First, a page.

September an ‘exceptionally weak’ month
for new car sales

New car sales tumbled in September amid plummeting consumer
confidence. 

Even the biannual plate change was not enough to tempt large
numbers of car buyers into showrooms, with the monthly figures from
the SMMT showing that new car registrations were down 21.2 per cent
year on year to 330,295 units. Year-to-date sales have declined by
7.5 per cent to 1,794,419 units.

This was the fifth consecutive month of falling sales, said SMMT
chief executive Paul Everitt, calling on the government to act to
alleviate conditions in the motor retail sector, which he called
“the most difficult economic conditions the industry has faced in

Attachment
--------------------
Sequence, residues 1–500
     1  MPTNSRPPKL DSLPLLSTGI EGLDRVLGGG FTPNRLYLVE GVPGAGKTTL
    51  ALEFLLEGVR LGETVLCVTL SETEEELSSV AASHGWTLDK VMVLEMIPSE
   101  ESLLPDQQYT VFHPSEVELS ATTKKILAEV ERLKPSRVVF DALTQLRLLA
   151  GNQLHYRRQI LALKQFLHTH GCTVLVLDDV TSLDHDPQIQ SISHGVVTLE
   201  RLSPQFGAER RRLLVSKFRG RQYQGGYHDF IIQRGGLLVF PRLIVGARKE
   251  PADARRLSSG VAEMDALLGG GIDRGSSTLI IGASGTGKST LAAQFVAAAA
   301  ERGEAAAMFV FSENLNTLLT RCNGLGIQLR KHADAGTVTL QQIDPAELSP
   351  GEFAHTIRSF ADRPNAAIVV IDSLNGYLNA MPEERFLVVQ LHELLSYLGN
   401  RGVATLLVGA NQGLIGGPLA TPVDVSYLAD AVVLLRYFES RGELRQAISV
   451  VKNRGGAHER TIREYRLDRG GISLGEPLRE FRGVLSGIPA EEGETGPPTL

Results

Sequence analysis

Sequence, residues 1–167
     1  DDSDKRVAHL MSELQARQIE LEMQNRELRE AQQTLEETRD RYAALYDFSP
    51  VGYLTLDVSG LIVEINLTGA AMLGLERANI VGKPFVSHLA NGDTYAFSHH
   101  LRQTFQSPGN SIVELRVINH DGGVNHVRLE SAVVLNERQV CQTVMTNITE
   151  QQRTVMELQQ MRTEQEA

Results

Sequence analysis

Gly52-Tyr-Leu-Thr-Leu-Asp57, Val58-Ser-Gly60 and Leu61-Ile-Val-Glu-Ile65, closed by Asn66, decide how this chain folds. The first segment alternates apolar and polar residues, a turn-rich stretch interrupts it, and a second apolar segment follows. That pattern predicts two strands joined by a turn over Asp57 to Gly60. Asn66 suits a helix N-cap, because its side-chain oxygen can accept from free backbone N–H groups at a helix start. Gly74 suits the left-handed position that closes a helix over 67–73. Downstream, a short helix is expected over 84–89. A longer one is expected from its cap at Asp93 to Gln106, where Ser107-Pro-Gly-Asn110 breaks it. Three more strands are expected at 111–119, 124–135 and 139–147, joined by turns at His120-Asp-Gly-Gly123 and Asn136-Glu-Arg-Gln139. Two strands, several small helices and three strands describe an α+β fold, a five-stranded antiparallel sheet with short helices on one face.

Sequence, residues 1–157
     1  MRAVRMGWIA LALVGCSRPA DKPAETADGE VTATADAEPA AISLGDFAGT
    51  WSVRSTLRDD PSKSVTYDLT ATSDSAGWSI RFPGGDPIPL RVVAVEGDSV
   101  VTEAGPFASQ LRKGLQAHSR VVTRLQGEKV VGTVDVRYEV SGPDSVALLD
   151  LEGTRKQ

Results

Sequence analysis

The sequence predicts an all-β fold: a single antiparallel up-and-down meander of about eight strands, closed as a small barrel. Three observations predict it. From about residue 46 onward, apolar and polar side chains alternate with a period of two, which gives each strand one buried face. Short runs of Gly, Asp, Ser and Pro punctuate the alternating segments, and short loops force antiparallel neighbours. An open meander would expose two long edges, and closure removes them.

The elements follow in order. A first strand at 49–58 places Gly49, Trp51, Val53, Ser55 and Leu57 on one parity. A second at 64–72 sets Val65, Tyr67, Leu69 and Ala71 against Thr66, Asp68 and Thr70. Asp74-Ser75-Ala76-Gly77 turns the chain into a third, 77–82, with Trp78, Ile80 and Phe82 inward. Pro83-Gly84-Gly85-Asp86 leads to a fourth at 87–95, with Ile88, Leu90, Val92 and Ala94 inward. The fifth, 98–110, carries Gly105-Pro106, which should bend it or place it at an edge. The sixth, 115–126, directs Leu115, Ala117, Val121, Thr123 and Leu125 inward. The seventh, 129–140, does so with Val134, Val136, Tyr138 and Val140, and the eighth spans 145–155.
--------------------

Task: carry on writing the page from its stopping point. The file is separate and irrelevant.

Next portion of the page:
17 years”. He said: “The chancellor’s pre-budget report should set
out a package of measures to boost demand for new fuel-efficient
cars and scrap plans for unfair increases in car tax.”

Sue Robinson, director of the RMIF National Franchised Dealers
Association, demanded that the Bank of England cut interest rates
to stimulate demand. “While consumer confidence remains low, all
retailers, including car dealers, will find trading conditions
tough, so it is essential that the Government works to return
stability and confidence to the whole economy.

“Lower interest rates will help bring stability to the economy,
and reassure consumers, and help business. In the long run it is
good for the economy,” Robinson commented.